Many software developers have followed a non-traditional path to their profession. Coding is often something that is picked up on the side, learned through work projects, or through bootcamps and workshops. Yet, in learning to code, it is all too easy to overlook computer science itself. To be fair, working programmers are often focused more on plumbing than the need to actually implement a new algorithm, build a new data structure, or ponder the kinds of things that get taught in a typical computer science program. Nevertheless, computers are full of all kinds of awesome wizardry. This course is about that! It's a week of exploration and thinking that embraces the magic that lives inside the computer. This is the computer science course you wish you took.
This class is structured around four core topic areas: Data Structures, Algorithms, Communications, and Computation. In exploring each of these areas, you'll start from first principles and go on a journey of discovery that involves hands-on experimentation and discussion of the big ideas and questions. Our goal is to bring computer science to life in a way that you simply won't find in a book.
This course is for programmers who want to deepen their understanding of how computers and computation works. It is primarily aimed at people who already know how to code, but who have never taken traditional computer science courses (or spent too much time sleeping through them in college). It might be useful for answering tricky job interview questions although surviving a job interview is not our main objective. This is a course for the curious programmer.
Each course day runs from 9:30am - 5:30pm and mostly consists of hands-on projects interspersed with some short presentations. The main goal is to "learn by doing." Most of the hands-on projects involve coding, but part of the course involves building digital circuits from switches, transistors, and integrated circuits. For that, all of the required materials and components will be provided.
Students should have a working knowledge of at least one programming language such as Python, Ruby, or C. At a minimum, you should be able to write and debug small programs and be generally familiar with common datatypes, control flow, and functions. Note: the primary focus of this class is on computer science, not advanced programming language features, software engineering methodology, or the use of frameworks.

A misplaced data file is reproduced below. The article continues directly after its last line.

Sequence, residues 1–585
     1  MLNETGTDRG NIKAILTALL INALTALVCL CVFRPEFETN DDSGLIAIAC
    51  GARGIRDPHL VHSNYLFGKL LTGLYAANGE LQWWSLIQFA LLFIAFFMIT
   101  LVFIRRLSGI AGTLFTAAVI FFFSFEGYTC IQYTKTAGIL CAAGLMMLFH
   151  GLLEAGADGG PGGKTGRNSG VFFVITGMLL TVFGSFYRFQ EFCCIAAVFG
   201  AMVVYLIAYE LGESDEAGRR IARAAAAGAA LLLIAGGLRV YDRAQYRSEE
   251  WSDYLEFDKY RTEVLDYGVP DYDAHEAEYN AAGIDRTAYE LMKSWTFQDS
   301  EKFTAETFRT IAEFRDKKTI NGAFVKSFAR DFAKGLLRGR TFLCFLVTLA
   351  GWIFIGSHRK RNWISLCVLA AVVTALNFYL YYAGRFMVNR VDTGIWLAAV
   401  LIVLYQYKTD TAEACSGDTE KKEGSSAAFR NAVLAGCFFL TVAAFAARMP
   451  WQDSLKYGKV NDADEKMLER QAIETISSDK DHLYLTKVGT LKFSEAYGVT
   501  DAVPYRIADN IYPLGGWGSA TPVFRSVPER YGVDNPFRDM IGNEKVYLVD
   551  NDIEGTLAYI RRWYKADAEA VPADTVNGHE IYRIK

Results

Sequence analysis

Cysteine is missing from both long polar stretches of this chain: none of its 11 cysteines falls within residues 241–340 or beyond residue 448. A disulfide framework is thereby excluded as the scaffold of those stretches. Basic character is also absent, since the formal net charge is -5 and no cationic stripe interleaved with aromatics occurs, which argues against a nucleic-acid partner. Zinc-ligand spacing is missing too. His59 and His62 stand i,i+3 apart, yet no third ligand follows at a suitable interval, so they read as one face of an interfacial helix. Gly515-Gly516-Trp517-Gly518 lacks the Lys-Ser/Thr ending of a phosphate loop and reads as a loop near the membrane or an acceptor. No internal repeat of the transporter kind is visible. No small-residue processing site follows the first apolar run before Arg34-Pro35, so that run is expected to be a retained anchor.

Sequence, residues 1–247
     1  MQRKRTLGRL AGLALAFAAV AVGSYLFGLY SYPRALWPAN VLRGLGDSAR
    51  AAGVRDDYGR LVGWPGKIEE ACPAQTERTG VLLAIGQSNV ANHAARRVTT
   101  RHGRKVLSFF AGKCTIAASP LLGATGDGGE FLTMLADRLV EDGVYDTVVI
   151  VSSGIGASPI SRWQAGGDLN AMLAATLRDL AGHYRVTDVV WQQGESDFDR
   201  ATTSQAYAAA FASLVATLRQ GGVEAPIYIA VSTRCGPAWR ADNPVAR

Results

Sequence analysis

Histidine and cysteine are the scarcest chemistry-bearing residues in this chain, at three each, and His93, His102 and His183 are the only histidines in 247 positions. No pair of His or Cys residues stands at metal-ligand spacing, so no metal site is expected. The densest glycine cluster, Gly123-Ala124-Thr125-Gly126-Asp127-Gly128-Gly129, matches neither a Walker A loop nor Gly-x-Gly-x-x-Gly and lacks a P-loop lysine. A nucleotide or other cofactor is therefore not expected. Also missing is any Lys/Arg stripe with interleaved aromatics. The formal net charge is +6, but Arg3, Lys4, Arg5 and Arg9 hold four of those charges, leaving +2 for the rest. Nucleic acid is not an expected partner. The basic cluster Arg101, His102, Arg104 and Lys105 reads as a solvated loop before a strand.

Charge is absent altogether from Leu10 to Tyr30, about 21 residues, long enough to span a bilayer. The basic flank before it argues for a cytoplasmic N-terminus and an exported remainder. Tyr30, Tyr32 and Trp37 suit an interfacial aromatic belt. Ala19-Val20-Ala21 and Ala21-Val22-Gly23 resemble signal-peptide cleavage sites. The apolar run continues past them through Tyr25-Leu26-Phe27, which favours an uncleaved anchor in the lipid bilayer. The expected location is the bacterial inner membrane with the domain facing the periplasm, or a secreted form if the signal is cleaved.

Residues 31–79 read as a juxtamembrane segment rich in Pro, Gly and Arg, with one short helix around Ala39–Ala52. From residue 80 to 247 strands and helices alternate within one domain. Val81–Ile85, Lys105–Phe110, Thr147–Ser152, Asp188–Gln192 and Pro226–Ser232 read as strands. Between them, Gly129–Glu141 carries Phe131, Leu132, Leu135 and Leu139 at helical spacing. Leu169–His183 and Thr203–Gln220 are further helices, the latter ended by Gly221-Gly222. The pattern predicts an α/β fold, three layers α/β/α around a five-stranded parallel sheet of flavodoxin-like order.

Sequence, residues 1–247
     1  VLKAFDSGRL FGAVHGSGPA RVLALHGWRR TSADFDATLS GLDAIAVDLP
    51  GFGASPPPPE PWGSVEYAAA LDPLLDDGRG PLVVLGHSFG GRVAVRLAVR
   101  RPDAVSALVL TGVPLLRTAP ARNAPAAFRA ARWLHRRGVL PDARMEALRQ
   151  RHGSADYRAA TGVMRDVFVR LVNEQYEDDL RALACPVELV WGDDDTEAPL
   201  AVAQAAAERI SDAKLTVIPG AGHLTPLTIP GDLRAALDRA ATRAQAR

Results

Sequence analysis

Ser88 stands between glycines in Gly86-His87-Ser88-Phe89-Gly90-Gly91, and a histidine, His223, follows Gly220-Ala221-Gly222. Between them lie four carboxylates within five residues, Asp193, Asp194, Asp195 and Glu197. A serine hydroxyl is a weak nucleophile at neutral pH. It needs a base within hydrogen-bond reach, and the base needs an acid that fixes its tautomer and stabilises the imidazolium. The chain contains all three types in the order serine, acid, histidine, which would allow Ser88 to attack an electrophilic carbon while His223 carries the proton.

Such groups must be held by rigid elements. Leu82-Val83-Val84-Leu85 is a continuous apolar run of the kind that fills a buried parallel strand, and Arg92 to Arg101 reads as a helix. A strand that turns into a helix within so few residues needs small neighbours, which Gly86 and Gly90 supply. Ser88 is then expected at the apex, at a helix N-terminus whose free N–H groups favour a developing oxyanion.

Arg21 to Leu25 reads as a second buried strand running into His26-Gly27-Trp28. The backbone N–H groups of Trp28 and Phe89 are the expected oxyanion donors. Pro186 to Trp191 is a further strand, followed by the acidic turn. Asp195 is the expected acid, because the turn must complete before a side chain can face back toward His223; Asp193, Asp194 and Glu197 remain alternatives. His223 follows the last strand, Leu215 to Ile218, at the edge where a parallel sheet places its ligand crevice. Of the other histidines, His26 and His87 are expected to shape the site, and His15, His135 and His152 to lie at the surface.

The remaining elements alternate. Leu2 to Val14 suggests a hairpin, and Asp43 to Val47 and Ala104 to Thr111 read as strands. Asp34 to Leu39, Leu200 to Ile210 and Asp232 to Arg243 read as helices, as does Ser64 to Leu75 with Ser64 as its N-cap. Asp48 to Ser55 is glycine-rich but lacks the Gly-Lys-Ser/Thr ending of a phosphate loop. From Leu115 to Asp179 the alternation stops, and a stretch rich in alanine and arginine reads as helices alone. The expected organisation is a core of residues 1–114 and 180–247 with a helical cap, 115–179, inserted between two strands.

The course aims to explore four core topic areas from computer science.
This course is not titled "Computer Science: All of It" and it's not meant to prepare you for entering a Ph.D. program in theoretical computer science. Instead, this is a week of "neat stuff" from computer science that we think will be mind-expanding, interesting, and fun. Over the week, you'll spend about 35-40 hours on the material--that's about the same about of time that a professor would spend lecturing in a 15-week semester. However, unlike the experience of listening to a professor in a lecture hall with several hundred students, our small class size of 6 people allows us to do things in a completely different manner. You'll learn by getting your hands dirty, not by listening.
The course is taught by Jeffrey Cohen and David Beazley.
Jeffrey Cohen is an independent consultant and entrepreneur, active in the education, healthcare, and retail industries. He currently holds appointments as an Adjunct Assistant Professor in the Masters Program in Computer Science at the University of Chicago and as an Adjunct Lecturer in Innovation and Entrepreneurship at Northwestern University's Kellogg School of Management. He was previously one of the first instructors at the Starter League, one the nation's first coding bootcamps and is a co-author of Ruby on Rails for .NET Developers (Pragmatic Press, 2008).
David Beazley is the author of the Python Essential Reference, 4th Edition (Addison Wesley) and Python Cookbook, 3rd Edition (O'Reilly Media). From 1998-2005, he was an assistant professor in the Department of Computer Science at the University of Chicago. Since 2007 he's been running around teaching all sorts of Python courses.